Thirty years later, spirit of 1989 lives on in eastern German city of Leipzig


The fall of the Berlin Wall, on November 9, 1989, has its rightful place in the history books. But a month earlier, it was a little further south, in Leipzig, that the first major protests took place in a show of force against the East German Communist regime. FRANCE 24’s reporters returned to the city where the "peaceful revolution" began.


On October 9, 1989, tens of thousands of people gathered in churches in Leipzig, in the eastern state of Saxony, before flooding out onto the streets. The city’s residents were craving freedom and change. Despite the 8,000 police officers mobilised by the East German Communist regime that night, locals were no longer afraid to express themselves.

In the following weeks, demonstrations spread across the country. A month later, the Berlin Wall fell, marking the end of the German Democratic Republic and paving the way for reunification.

Thirty years after these events that shaped history and reunified Germany, Leipzig is one of the most successful cities in the former East Germany. But despite the passage of time, the standard of living, wages and pensions remain much lower than in the West, and the trauma of the forced transition in the 1990s from a planned system to a market economy remains palpable.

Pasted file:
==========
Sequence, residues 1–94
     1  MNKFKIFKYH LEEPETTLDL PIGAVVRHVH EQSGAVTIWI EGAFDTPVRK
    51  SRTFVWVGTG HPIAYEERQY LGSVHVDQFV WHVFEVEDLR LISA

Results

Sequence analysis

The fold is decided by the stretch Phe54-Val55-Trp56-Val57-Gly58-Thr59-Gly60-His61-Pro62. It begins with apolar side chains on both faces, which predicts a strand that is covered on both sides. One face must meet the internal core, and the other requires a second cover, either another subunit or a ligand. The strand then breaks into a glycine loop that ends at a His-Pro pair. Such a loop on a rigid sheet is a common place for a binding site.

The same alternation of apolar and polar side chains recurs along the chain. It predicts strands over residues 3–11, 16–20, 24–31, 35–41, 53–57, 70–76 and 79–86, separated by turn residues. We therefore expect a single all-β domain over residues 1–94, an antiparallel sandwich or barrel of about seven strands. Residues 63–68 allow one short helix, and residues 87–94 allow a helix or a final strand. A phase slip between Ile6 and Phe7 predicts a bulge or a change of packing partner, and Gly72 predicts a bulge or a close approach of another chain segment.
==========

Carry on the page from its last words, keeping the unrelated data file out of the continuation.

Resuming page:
According to a poll published earlier this year, 66 percent of people in the state of Saxony feel they are second-class citizens. Meanwhile, the far right is gaining ground, to the extent that three decades on, the activists who mobilised in 1989 against the Berlin Wall are today fighting against racism and nationalism.

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